[Mono-list] Future of JIT
Sun, 02 Feb 2003 02:34:02 +0100
Have you considered VCODE/ICODE to become a basis for your JIT backend?
It was developed/used for runtime code generation in Tick C Compiler,
which is in turn based upon LCC. And since its command set is tuned for
LCC, it should also fit the .NET architecture if i'm not wrong. I
haven't read many important papers because of lack of time, so don't
consider what i tell here sole truth, it can have rumors/
misconceptions/ stuff mixed in.
It has been well ported to all (widespread) RISC CPUs, and there is a
half-broken x86 port. I have been intending to make a "real" x86 port
for use in some project of mine. But i think MONO could be a better use
for me, and i would like to be of use if i have time and our targets match.
VCODE is a set of C macros, generating target machine code out of the
generalized RISC set without intermediate representation, like GNU
Lightning does. With a difference that GNU Lightning is broken.
ICODE is a form of binary representation for VCODE, which also
integrates a number of generic optimisations and register allocation,
reaching considerable execution speeds.
The thing to check: *licensing issues* (?), i don't know under which
condition it has been licensed.
- checked already. It's "fair use" - not to sell, else use as desired,
retain copyright. It even allows usage in commercial products but it
I think the system should be as staged as possible, so that only a minor
part should be ported to another architecture, and that improving some
actually platform-independant stuff wouldn't break some platform while
leaving others working. Besides, this VCODE already contain a lot of
work done by others.
I also think that it should be possible to attach a peephole optimiser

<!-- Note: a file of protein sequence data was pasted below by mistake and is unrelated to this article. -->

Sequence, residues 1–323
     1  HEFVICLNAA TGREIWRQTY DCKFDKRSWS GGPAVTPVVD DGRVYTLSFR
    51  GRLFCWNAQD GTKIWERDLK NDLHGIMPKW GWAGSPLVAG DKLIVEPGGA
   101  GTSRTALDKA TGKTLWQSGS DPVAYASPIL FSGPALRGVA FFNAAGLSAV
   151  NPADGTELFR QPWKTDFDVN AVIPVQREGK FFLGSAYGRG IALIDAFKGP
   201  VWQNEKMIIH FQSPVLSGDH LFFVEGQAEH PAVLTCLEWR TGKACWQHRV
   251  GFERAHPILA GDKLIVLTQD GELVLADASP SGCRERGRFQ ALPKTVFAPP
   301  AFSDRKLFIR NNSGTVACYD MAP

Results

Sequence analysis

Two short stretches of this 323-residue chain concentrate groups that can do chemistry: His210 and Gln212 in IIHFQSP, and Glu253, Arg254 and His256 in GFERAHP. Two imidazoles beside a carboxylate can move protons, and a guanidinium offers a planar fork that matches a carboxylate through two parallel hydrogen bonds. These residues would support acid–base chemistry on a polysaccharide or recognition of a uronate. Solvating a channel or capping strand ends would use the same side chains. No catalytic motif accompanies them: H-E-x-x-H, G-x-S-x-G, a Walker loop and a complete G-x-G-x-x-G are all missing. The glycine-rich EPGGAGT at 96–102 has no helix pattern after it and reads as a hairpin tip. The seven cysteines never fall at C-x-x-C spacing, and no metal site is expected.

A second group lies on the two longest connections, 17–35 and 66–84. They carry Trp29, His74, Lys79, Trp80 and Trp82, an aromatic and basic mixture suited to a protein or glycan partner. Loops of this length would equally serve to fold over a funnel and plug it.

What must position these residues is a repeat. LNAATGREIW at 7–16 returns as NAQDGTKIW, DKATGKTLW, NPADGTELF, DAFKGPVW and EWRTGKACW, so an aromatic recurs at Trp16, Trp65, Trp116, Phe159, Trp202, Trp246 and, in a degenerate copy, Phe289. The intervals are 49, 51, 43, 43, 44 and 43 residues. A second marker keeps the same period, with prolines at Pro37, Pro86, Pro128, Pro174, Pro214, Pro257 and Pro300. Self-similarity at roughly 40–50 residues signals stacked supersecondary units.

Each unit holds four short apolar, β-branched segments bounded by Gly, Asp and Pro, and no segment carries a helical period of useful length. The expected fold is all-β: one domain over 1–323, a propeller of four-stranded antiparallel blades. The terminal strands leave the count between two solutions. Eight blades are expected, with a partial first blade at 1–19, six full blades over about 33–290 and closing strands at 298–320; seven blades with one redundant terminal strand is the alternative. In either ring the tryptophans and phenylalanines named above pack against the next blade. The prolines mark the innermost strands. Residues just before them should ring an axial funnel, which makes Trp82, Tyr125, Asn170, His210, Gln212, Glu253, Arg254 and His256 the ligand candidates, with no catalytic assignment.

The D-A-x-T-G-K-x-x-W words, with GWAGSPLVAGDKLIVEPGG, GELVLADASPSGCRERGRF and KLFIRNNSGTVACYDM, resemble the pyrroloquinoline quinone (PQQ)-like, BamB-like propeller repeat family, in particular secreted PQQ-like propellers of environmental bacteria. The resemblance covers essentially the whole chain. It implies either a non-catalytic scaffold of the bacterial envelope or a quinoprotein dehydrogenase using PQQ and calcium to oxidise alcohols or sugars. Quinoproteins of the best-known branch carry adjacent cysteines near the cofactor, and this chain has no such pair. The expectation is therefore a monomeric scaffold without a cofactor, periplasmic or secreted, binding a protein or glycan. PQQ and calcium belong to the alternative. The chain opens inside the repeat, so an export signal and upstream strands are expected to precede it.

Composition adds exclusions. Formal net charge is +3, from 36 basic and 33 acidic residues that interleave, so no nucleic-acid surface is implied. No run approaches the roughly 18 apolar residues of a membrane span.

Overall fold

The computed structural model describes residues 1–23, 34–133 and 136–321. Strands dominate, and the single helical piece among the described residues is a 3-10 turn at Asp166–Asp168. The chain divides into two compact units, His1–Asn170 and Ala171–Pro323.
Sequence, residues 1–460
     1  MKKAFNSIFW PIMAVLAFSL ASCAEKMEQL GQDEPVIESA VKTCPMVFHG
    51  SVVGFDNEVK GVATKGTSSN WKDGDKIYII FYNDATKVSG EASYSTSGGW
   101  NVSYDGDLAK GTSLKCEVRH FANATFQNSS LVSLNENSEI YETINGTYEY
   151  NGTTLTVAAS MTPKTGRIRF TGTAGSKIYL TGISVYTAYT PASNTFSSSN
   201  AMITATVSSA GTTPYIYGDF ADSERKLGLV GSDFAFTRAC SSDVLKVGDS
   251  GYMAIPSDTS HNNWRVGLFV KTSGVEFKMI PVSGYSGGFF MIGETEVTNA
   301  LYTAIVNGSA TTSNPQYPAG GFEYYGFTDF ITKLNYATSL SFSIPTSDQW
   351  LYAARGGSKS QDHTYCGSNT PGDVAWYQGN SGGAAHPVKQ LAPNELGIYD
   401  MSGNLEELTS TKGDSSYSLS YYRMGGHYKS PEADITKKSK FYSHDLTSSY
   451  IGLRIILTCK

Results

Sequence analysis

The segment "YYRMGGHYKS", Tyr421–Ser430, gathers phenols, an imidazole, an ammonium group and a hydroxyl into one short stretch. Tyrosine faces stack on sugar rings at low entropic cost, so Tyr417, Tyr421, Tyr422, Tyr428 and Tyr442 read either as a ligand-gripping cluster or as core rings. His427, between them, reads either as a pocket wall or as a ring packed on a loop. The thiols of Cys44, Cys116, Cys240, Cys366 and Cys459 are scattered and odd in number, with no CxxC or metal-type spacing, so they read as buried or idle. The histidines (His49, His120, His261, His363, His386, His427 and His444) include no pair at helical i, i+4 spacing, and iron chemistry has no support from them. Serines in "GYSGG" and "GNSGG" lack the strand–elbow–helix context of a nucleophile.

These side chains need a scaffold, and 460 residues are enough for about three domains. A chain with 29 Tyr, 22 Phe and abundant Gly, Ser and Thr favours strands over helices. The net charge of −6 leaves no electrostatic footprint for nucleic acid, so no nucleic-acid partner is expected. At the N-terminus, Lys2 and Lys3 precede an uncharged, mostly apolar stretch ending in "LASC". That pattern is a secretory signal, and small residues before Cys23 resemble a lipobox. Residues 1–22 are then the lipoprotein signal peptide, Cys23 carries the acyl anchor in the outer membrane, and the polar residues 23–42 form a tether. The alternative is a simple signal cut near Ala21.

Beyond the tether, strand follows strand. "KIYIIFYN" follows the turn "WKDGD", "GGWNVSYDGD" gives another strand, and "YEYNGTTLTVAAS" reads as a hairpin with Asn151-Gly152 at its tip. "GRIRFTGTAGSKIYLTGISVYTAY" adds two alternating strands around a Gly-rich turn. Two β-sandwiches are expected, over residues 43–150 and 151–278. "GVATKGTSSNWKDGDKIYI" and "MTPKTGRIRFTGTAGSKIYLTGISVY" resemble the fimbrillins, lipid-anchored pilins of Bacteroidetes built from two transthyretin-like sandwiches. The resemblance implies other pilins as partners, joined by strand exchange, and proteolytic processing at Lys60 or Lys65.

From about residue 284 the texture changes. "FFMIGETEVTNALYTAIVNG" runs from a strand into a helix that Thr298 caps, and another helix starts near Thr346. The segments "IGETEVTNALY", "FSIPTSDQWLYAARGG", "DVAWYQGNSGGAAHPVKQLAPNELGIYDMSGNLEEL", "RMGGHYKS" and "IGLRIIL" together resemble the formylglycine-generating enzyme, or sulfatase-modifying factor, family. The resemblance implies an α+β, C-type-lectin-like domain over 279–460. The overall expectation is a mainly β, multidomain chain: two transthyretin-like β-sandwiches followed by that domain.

to VCODE. Any time a label is issued, if optimiser is enabled, it would
disassemble (simplified, extracting a minimum of information) all the
code generated since the last label, and write "tags", noting where each
CPU command starts and some basic properties of it, like LCC-Win32 does
it. Then, peephole optimisation is basically pattern-matching and
disassembling certaing commands as this information is needed, and so on
as usual. Finally, the last label should be moved back.
Then i think, compilation should be "lazy". The first time a function is
compiled, it is done the fastest way, optimising nothing. Functions
which it requieres are not compiled. Inputs are placed on stack as
usual, but with a CALL to some (assembly-written) dispatcher function.
This dispatcher when called does the folowing:
- Looks at return adress. Using that, finds out what function exactly
is to be called in this place. (This information needs to be generated
when compiling that original function)
- If the function to be called is already compiled, then change the
call adress (which is just placed before the return adress) with the
actual function adress to be called, and call this function, then return.
- If the function is not yet compiled, compile it, then procede as in
The next time a function will call another function directly
First time a function is compiled it is compiled without optimisations.
I guess it would be OK to place a call to counter in the beginning of
such a function - since it's not compiled for speed...
As soon as this counter decides that the function has been called "often
enough", it should recompile the function with all optimisations on,
this time without embedding the counter. The system to replace adresses
might either be the same as previous, or more a more rapid one so that
the unoptimised function can be deleted at once.
Of course, there can just as well be multiple optimisation steps, but it
might be the next step.